You note that in such a scenario, the animal has not even touched the earth electrode, it has just formed a conducting path parallel to the ground plane.

This is the same situation when we deal with swimming pools and immersion, except we are dealing with three dimensions, you do not get a shock directly from the conductor itself, but rather, you form a lower resistance path between two points at differant distances from the source of the electricity.

The purer the water is, the wider is the spread of potential and hence the more dangerous, the more contaminated, or perhaps even salty, the smaller is the spread of electrical potential, and also it is much more likely to be a better conductor than the human body.

As for distances, well, I have personally used salt water for fire fighting purposes directly onto 440volt conductors at less than 10 feet, this was done during damage control training when I was in the Royal Navy, so it would seem to me that you have to be pretty damn close to get yourself a shock in this manner

Any decent sized pool would have nearly a hundred pounds of dissolved calcium hypo-chlorite in it. On top of that you’d have several dozen pounds of soda ash to adjust the pH, and maybe 50 pounds of sodium bi-carbonate. If anything is the opposite of deionized, degassed distilled water, your average pool is it.

I wouldn’t know about the fictional Emir’s private pool, but any pool open to the public has a metric butt-load of health department regulations for things as varied as drain cover style and water clarity to airborne chlorine level. I don’t know about the electrics, but I could reasonably guess that they’d be highly regulated and regularly tested, too.

I was relatively surprised to find out the movie (stupid black boxes and your ability to make me click on you) I would have figured such a scene would have come from a Final Destination movie.

WRT to one of the questions in the spoiler box:

IIRC, they turned the power off about 3 frames before Matt Damon jumped into the pool.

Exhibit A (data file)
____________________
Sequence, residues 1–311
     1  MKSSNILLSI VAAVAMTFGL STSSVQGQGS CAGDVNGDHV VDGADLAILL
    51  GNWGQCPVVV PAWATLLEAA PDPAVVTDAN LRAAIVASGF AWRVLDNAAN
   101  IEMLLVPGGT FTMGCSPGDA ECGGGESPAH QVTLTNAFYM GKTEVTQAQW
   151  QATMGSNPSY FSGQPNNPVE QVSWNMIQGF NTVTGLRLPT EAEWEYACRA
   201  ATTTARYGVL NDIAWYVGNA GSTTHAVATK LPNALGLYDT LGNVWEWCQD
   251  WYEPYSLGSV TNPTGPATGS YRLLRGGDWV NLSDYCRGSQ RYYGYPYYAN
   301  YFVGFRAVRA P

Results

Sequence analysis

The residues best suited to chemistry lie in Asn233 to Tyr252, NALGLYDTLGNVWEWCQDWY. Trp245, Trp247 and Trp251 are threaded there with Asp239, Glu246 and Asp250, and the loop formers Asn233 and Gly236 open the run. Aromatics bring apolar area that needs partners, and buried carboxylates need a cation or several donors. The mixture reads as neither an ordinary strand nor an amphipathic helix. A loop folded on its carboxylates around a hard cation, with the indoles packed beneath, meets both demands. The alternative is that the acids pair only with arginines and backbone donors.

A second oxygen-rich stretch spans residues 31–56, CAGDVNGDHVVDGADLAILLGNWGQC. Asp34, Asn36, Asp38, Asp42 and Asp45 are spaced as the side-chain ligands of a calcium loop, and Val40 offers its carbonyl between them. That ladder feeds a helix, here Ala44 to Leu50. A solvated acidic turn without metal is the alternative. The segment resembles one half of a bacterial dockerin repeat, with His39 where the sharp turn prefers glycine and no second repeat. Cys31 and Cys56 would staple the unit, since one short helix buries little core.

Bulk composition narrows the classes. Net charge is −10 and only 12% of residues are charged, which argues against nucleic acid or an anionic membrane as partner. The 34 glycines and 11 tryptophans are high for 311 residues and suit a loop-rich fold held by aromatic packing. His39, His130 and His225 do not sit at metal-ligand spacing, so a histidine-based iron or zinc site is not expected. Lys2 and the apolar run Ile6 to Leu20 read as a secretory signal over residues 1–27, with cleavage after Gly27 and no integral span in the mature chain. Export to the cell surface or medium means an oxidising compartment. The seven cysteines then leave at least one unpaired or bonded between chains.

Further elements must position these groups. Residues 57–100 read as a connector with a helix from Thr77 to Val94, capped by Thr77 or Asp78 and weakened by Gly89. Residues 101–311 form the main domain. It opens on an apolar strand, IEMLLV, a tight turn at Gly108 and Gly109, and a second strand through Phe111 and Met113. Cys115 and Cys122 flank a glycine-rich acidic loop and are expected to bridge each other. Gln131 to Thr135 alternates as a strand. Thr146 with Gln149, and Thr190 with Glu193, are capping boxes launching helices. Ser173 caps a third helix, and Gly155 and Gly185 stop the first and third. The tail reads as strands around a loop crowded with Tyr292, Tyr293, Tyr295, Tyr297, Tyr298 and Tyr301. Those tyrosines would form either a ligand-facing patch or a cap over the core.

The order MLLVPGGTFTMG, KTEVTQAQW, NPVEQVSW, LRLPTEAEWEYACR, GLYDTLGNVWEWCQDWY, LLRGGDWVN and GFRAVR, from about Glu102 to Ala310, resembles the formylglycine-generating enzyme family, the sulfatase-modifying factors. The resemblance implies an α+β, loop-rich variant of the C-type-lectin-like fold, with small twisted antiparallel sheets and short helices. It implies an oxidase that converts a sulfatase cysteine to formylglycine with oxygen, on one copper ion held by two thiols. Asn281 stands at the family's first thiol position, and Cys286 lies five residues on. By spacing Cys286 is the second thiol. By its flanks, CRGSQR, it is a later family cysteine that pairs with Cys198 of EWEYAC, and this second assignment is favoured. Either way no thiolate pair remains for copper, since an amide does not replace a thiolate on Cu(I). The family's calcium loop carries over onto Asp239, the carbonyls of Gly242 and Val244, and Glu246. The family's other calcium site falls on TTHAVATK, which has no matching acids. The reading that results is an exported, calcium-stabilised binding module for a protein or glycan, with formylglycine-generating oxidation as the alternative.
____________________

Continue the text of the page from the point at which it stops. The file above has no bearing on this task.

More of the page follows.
BTW, the phrase “seething cauldron of electricity” is great. :smiley:

Wow, Q.E.D., thanks for risking life and limb to conduct the experiment. Our own in-house Mythbuster!

On the basis of your results and lieu’s real-world experience (as well as the excellent theoretical posts by engineer_comp_geek and casdave), I may be willing to cut the filmmakers a little slack. Perhaps the shot of the filament flickering was to signify that the power was on and that once the filament broke, power was passing through the water. If they had made it look like Q.E.D.'s real-life pop, people might not have gotten it.

And since lieu says he actually got a shock from a broken light in a pool, perhaps the whole thing is not so completely implausible as I first thought. It would require careless wiring and the person coincidentally jumping in right next to the power source.

So in Mythbusters terminology, perhaps this goes from Busted to Plausible. or at least, not entirely impossible.

Gozu Tashoya: Thanks for the clarification. I hadn’t caught that.

Pure Hollywood fantasy…

Worked as a life guard for many years and have never seen any pool lighting system that ran at AC mains voltage. They were always 12 volt systems to avoid any possible shock hazzard.

(To an earlier response) The only type of circuit breaker that would afford any protection from electrocution would be a GFI type. They are designed to trip at micro-amp levels low enough to save a life. A standard 15 amp breaker would let you fry like a chicken and not trip.

There are plenty of mains voltage pool lighting solutions. See here.

The standard trip current for a GFCI is 5 milliamps.